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Madeleine Rudin, 66, of Greenwich, Connecticut, started having “horrendous” stomach cramps in her 20s that left her bloated and in pain for days at a time. The symptoms continued — for decades — as doctors treated her, unsuccessfully, for issues such as irritable bowel syndrome or a spastic colon. Never knowing how she might feel each morning “made my world very, very small,” she says.
At age 63 Rudin finally received the correct diagnosis: endometriosis, a painful inflammatory disorder that causes tissue cells normally lining the uterus to grow outside it.
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A few months later, her surgeon excised 28 lesions on her bowel, uterus and the membrane covering her abdominal organs. After her recovery, Rudin says that living without pain changed her life, allowing her the freedom of simple pleasures like making social plans, and keeping them.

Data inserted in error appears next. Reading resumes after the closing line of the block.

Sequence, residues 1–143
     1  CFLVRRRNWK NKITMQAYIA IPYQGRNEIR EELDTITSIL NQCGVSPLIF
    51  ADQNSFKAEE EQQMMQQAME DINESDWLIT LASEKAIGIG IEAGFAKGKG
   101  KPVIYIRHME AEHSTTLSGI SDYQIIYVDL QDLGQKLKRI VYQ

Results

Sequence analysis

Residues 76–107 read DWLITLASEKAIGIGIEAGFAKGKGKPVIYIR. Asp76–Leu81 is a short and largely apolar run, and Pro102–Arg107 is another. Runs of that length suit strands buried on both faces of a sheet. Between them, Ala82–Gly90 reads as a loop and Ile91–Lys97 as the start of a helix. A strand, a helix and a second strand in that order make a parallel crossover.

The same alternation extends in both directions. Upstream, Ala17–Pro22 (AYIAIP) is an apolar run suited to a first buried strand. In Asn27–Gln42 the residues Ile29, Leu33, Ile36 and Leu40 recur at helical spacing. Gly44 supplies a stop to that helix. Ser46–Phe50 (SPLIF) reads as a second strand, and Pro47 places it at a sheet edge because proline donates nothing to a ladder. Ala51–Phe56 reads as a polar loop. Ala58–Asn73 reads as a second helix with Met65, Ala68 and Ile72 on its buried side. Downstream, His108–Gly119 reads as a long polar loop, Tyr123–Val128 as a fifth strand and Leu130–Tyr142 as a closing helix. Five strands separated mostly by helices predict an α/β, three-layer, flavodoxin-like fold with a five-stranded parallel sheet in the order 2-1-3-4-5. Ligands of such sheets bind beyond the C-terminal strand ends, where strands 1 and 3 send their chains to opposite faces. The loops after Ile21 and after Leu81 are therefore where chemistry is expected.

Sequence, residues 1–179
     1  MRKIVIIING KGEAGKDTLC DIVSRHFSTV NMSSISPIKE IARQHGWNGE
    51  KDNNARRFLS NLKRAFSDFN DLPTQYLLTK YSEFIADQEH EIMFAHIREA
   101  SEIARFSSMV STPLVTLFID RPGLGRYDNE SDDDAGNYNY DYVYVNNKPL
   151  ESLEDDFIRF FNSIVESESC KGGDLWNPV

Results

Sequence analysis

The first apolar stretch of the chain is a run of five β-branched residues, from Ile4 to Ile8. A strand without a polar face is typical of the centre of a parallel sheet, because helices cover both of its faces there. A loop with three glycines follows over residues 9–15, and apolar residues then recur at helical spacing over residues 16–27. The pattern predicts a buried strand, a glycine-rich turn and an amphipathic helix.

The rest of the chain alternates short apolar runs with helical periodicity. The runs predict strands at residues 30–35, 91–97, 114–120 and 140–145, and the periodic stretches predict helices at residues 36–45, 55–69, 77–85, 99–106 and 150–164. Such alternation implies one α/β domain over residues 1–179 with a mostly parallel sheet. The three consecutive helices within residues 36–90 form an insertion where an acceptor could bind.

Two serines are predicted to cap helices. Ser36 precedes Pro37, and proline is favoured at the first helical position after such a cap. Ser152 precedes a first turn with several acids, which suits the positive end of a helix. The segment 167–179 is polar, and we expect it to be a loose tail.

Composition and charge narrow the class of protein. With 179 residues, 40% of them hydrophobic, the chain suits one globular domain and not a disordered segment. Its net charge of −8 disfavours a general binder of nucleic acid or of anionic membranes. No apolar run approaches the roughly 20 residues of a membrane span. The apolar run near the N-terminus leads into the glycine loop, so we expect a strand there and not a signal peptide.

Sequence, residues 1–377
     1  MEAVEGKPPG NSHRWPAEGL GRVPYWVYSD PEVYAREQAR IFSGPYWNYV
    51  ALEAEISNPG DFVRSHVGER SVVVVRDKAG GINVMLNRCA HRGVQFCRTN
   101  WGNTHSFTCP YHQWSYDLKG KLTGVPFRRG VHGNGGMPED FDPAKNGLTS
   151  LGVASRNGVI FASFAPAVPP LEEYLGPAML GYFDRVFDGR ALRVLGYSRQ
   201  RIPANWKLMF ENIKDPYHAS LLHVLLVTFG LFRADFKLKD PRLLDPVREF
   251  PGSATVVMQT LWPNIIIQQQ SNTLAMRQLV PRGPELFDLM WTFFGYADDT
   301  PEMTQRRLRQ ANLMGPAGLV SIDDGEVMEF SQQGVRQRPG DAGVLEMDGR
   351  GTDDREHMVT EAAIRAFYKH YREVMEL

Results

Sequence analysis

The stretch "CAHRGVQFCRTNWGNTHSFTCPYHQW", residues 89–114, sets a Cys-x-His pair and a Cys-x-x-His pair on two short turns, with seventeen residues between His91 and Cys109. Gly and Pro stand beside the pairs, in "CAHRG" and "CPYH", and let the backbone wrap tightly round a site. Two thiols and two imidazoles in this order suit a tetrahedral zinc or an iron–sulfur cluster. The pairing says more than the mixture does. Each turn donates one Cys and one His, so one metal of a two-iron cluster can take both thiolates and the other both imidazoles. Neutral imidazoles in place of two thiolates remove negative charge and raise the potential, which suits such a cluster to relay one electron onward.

While Rudin's diagnosis was particularly long in coming, it generally takes from seven to 10 years for a woman to be accurately diagnosed with endometriosis, says Jessica Shepherd, an obstetrician and gynecologist at Baylor University Medical Center in Dallas. According to recent research, Rudin would be one of roughly 5 percent of women in whom the condition endures past reproductive age. About 1 in 10 women overall have the disorder.
"We're just beginning to understand endometriosis, in part, because many women have not been definitively diagnosed,” says Christine Metz, professor at the Feinstein Institutes for Medical Research in Manhasset, New York, who notes that as in Rudin's case, it's often mistaken for bowel problems and other digestive disorders.